“[T]here’s zero incentive for a manager to mess up this process. But it’s incumbent on potential investors and their representatives to thoroughly diligence and ask all sorts of detailed questions to insure the investment and the manager fits their unique situation,” she says.
“Investors always pay the ‘price’ or consequences for non-compliance,” according to Paul Saint-Pierre, a principal advisor for PSP Advisors, which provides alternative investment due diligence research and other fund advisory services.
Historically, that dictum has held true for REITs and investment companies. Now it holds true for OZ funds, Saint-Pierre says.
If they lose out on the tax shelters OZ funds potentially offer, investors may try filing legal claims against fund managers and rely on their Errors & Omissions insurance coverage for payment. “As part of fund due diligence, it is always important to assess insurance coverage,” Saint-Pierre says.
OZ funds worth considering will have resources dedicated to tax compliance, Saint-Pierre says.
“The significant complexities of the OZ tax compliance program require a ‘line of sight’ in the entirety of the tax compliance starting with investors, into the funds, and ending with all of the investees who receive OZ capital,” Saint-Pierre notes.
If they take compliance seriously, fund managers will staff up “and this will be a significant additional operating cost that investors will bear. If there is inadequate attention to the entire compliance architecture, then investors should avoid those funds,” he warns.
Tiedemann’s Insley has yet to encounter an OZ fund with adequate assurances about such tax compliance.
“We have not yet been able to get comfortable with any of the offerings,” he says.
The potential for conflicts appears particularly acute with real estate-focused OZ funds — the bulk of the presently available offerings, Insley says. Funds with real estate assets typically calculate managers’ performance fees based on internal rate of returns (IRRs), or the percentage of interest earned on each invested dollar over the entire holding period. The IRR is highest typically in the third or fourth year of ownership for funds that own newly- or re-developed real-estate assets. Therefore, fund managers will often be likely to net the highest performance fees if they sell during that shorter time period, rather than waiting for the 10-year clock set by the U.S. Treasury for OZ investments’ tax benefits to accrue, Insley says.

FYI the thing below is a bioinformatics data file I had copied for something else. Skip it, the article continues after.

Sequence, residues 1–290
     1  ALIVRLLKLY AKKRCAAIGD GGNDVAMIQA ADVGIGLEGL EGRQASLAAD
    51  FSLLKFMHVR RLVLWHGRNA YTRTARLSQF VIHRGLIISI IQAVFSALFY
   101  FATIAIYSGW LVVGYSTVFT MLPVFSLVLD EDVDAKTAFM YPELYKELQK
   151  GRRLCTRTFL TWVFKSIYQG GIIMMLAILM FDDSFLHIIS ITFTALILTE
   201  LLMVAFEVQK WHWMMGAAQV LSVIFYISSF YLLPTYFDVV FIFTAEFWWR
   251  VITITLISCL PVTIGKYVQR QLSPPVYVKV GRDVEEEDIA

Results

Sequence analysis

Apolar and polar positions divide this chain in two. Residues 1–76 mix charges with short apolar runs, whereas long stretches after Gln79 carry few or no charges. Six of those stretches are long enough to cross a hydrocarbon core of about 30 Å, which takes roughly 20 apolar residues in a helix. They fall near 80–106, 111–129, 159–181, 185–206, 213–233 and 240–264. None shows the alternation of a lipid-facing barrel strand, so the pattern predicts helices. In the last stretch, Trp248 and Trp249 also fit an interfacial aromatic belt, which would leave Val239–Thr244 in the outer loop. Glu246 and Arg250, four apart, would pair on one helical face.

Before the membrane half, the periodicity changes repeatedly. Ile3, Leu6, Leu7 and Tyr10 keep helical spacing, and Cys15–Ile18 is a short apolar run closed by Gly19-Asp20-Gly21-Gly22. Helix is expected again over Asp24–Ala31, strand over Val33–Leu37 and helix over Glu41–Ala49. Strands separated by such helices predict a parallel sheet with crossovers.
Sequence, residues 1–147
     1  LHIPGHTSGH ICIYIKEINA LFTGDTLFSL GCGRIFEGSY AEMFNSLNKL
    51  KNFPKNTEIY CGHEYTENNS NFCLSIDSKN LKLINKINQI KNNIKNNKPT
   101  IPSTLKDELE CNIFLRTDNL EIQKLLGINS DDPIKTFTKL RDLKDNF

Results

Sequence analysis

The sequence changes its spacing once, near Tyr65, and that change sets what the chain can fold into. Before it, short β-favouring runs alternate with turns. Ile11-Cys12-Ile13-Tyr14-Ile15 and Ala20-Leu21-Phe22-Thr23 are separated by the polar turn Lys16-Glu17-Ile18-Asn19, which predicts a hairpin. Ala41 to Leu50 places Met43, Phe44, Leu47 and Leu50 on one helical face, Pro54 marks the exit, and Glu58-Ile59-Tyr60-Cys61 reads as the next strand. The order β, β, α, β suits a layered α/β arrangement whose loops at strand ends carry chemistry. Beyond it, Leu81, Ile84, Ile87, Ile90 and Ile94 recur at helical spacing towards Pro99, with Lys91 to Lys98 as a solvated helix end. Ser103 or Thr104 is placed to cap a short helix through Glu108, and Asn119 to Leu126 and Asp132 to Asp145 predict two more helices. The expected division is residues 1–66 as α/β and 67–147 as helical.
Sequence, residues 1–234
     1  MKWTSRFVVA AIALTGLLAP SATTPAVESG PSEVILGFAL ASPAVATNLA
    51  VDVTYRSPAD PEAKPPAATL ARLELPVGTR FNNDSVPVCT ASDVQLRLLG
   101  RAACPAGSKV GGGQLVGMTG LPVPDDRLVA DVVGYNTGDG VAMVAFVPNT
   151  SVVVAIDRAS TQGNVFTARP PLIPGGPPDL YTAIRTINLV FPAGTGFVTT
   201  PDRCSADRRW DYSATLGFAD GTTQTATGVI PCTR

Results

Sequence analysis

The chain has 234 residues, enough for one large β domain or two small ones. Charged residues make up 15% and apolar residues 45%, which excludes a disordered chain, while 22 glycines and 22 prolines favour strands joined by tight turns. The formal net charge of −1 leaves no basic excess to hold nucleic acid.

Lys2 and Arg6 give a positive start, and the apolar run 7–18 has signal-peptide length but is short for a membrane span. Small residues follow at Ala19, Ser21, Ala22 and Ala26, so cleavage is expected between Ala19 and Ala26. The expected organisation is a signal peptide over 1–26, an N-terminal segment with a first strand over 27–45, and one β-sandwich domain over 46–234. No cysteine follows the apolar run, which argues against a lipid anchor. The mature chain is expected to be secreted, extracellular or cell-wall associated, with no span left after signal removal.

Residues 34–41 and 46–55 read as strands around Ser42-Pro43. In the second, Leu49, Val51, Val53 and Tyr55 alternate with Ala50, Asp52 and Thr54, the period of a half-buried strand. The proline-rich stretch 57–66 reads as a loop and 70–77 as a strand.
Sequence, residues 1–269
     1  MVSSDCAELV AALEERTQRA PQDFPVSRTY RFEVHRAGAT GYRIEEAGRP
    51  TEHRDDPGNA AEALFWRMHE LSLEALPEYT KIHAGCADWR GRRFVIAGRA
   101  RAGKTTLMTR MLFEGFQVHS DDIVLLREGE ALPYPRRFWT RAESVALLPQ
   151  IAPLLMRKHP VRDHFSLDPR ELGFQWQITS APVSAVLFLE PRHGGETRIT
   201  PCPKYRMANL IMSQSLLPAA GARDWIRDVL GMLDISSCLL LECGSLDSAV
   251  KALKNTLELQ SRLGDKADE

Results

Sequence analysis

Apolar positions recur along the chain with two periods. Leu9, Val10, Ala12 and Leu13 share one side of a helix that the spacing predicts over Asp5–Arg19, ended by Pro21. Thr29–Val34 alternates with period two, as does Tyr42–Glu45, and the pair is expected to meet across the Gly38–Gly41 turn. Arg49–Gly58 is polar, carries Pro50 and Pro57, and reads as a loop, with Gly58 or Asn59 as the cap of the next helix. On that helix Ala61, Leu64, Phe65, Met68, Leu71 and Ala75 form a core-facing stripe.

Investors should wait for “the right partner and be patient rather than work with some of the early movers” in the OZ fund space, Insley says. He expects some managers “who have much longer time horizons” to offer vertically integrated, multiple asset funds in the near future.
“It’s just taking some of them longer,” Insley says about those managers.
Investors should demand veto power over fund managers’ decisions to sell assets if they seek to avoid losing out on the potential tax-sheltering benefits of an OZ fund, without getting a high enough return on an asset sale to make the loss worthwhile, Insley says.
Since he has not found such terms among the OZ funds presently offered, Insley had told his clients to wait and they have followed his advice.
“They have been patient for the last several quarters, despite the fact that they read about OZ funds all the time in the press,” he says about his clients.